EU free-trade deal a great meal but Māori still not at the table - Traci Houpapa

By Stefan Dimitrof

A free-trade deal struck between New Zealand and the European Union in the very last moments of four years of negotiations is expected to build New Zealand’s exports to the EU up by $1.8 billion a year by 2035.

Because 91% of EU tariffs will be dropped by the EU, New Zealand will be able to export goods including seafood, kiwifruit, wine, onions, apples, Mānuka honey and manufactured items.

Federation of Māori Authorities (Foma) chair Traci Houpapa (Nō Ngāti Maniapoto, Ngāti Tuwharetoa), who is also on the board of New Zealand Trade and Enterprise, said Māori were a significant trader and exporters of primary industries.

'The right thing to do'

“It also gives us the opportunity for the first time to have an indigenous or Māori trade chapter within this FTA and that’s significant as early indications from negotiations from the EU wouldn't recognise Māori from this trade arrangement."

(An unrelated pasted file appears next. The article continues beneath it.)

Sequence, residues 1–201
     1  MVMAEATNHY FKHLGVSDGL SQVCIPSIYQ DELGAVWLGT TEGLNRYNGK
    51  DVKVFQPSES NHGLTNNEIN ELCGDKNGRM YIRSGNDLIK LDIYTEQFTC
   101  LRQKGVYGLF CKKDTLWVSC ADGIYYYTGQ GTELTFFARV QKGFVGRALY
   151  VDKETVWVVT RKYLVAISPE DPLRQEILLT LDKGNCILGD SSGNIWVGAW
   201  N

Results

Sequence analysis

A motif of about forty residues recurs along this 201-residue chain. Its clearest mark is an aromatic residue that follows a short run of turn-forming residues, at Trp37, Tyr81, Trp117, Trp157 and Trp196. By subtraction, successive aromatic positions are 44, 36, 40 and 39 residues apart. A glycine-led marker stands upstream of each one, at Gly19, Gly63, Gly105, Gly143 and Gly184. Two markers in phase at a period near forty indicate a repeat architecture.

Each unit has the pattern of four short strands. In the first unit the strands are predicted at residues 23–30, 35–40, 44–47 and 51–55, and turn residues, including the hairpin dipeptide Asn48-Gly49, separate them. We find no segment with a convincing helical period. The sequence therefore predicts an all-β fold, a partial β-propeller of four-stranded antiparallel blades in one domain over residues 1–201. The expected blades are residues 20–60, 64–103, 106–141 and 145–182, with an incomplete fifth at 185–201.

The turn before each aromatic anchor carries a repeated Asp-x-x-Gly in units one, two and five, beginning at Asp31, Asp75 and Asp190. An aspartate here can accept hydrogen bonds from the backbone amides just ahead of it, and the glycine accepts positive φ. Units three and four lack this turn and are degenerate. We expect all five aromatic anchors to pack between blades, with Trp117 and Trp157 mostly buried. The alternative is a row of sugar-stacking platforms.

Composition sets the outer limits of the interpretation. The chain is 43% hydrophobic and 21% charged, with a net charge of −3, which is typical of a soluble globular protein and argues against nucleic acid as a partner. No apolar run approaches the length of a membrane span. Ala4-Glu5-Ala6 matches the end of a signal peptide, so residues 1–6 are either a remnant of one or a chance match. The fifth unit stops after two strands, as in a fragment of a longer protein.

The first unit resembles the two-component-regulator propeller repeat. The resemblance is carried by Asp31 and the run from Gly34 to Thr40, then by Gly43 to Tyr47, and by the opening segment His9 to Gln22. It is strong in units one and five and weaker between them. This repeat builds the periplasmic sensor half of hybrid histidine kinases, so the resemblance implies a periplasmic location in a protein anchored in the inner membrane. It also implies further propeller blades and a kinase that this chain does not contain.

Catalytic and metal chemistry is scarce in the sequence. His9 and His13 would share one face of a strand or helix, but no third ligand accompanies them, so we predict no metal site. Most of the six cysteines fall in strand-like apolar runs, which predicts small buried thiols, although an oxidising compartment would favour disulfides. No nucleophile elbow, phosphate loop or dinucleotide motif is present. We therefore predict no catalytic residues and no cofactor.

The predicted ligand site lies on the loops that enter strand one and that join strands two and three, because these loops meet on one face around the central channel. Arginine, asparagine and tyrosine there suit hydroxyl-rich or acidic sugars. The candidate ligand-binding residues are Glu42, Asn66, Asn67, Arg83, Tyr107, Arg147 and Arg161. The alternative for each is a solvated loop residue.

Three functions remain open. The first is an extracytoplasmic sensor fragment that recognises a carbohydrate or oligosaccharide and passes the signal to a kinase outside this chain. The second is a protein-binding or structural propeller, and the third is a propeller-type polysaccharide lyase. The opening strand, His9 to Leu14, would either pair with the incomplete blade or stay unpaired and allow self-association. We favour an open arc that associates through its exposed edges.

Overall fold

Houpapa said she knows New Zealand is never going to get everything it wants in a deal but thinks that under the time restrictions and the deal that was offered, the prime minister accepting the deal “was the right thing to do”.

There is also a small win for dairy and meat exporters who can expect  $120 million of new export revenue with the potential of it growing to $600 million in the next seven years.

Houpapa said, "We know that our dairy and our red meat industries are both important for the country. We always want more and we always come away from the negotiations feeling like we are leaving something on the table."

Some of the concerns Houpapa said that those exporters are having to deal with are smaller quotas and tariffs.

Houpapa said another disappointment of the deal was the lack of Māori involvement. “If we were going to be a part of another trade arrangement or negotiation, then Foma’s expectation is that Māori would be at the table from the beginning in terms of designing, crafting and engaging in those early-stage negotiations.”

“Now two industry groups have that privilege and position and we are expecting Māori to have the same.”

Houpapa said Māori they always been known as traders. “We are significant traders, we are significant investors, and we are heavily invested in the success of Aotearoa."